Mike Scioscia will return as Angels manager in 2016

ANAHEIM, CA - JULY 21:  Manager Mike Scioscia #14 of the Los Angeles Angels of Anaheim in the dugout during batting practice before a game against the Minnesota Twins at Angel Stadium of Anaheim on July 21, 2015 in Anaheim, California.  (Photo by Jonathan Moore/Getty Images)
Photo by Jonathan Moore/Getty Images

It was assumed already, but Mike Scioscia made it official during Monday’s press conference for new general manager Billy Eppler that he will return as Angels manager in 2016.

Scioscia, the longest-tenured manager in the majors, has been at the helm with the Angels since 2000. There was a clause in his contract which allowed him to opt out after the 2015 season, but he has decided to stay put. He still has three years and $15 million on his contract, which runs through 2018.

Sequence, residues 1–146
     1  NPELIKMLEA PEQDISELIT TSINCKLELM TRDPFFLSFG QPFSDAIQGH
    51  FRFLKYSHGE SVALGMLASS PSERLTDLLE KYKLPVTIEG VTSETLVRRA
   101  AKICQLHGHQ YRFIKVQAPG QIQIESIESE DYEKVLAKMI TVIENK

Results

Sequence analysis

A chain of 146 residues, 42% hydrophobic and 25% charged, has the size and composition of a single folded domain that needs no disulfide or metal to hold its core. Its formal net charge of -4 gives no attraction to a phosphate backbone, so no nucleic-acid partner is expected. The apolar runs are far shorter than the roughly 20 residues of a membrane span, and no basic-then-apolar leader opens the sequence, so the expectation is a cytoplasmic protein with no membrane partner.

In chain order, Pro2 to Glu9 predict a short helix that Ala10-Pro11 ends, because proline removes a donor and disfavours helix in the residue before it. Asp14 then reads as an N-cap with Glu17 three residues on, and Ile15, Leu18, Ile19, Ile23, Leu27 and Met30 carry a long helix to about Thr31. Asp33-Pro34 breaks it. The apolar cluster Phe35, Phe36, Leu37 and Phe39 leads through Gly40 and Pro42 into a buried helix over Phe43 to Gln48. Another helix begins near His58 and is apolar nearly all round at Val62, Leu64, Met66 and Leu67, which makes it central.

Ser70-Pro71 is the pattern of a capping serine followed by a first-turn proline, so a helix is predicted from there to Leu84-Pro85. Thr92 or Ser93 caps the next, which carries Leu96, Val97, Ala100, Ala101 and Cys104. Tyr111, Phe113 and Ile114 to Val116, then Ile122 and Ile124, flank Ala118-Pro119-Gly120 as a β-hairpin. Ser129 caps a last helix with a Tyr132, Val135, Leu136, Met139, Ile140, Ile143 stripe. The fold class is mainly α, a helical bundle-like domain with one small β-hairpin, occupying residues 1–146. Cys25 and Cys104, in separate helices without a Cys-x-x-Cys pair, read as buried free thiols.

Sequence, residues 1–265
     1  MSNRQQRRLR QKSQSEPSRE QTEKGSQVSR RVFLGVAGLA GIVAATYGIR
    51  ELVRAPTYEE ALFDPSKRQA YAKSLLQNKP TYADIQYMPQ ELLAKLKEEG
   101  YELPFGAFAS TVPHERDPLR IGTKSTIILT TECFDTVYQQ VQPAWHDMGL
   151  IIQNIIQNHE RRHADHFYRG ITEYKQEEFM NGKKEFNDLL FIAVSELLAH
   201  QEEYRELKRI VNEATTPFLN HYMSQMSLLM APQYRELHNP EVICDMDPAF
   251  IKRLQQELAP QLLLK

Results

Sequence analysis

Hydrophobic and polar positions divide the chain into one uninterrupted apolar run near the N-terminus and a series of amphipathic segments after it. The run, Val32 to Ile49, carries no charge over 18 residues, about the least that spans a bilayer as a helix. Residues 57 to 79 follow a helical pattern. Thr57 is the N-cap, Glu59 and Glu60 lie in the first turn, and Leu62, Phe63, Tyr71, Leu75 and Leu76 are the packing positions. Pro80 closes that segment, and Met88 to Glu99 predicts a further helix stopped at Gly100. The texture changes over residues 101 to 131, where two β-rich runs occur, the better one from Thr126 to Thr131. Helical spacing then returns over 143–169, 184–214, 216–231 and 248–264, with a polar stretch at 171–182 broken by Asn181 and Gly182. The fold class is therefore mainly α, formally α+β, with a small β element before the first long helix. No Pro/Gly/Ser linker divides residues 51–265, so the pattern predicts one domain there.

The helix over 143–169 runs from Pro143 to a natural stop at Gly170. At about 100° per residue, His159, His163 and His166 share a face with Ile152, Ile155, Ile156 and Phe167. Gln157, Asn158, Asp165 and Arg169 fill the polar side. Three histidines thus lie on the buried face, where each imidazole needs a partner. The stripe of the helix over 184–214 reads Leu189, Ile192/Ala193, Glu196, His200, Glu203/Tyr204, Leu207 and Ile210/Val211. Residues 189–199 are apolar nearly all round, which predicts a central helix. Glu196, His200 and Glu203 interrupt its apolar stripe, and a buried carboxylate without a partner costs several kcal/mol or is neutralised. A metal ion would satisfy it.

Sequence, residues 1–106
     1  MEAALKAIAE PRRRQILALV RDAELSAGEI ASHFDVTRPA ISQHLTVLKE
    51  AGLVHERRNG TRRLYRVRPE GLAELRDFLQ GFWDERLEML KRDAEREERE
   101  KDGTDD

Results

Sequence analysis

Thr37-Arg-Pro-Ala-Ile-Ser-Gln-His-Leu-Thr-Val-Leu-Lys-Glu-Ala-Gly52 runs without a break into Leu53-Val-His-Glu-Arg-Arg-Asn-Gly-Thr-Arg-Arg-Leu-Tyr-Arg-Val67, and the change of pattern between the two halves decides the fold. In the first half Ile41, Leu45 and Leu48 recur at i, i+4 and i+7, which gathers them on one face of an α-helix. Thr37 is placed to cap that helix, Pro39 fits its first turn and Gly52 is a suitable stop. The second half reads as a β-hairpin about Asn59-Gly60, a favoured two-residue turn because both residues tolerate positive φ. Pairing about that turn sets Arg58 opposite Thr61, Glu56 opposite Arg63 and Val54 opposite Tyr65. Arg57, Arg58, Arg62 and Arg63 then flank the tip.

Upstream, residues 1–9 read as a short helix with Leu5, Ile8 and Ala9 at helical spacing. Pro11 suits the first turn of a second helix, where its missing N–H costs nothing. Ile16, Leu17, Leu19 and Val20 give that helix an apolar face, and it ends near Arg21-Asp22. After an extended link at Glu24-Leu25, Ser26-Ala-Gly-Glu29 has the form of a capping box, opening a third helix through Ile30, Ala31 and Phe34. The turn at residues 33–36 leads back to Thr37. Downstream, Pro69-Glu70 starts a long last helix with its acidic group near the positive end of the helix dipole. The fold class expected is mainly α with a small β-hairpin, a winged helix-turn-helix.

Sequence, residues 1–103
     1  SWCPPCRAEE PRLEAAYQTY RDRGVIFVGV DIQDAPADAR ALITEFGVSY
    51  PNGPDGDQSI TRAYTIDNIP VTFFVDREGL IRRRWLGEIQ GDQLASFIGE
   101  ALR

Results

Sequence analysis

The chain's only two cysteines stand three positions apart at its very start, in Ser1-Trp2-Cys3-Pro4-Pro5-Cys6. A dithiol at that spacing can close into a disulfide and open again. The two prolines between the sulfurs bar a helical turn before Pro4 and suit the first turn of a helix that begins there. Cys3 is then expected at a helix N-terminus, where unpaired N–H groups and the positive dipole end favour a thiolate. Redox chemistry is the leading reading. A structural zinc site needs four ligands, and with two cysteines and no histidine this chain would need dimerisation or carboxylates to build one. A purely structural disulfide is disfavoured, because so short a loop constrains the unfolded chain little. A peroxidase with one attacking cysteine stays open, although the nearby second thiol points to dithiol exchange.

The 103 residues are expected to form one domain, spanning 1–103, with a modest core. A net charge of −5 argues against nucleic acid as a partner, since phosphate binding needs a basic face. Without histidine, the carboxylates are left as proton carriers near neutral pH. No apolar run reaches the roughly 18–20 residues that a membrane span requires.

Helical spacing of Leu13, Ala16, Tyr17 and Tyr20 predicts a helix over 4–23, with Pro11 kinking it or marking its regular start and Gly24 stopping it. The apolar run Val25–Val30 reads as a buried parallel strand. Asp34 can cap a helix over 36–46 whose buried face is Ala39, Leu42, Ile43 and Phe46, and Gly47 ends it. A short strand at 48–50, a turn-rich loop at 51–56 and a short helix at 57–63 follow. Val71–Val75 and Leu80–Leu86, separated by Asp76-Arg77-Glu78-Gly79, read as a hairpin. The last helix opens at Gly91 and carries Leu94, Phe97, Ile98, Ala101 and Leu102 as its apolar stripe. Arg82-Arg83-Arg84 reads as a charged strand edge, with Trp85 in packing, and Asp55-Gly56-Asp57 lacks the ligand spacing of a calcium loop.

Jerry Dipoto resigned as Angels general manager in July amid tension with Scioscia, so there were naturally questions today about what to expect with first-time GM Eppler in the fold. According to David Adler of, Scioscia isn’t concerned.

“I think we’re going to mesh very well,” Scioscia said. “If we adjust, or maybe he adjusts to some of the things, there’s going to be collaboration that’s going to make us better.”

Eppler is the fourth general manager during Scioscia’s tenure with the team.

After winning the AL West last season, the Angels finished 85-77 this season and narrowly missed the playoffs. The team hasn’t won a postseason game since 2009.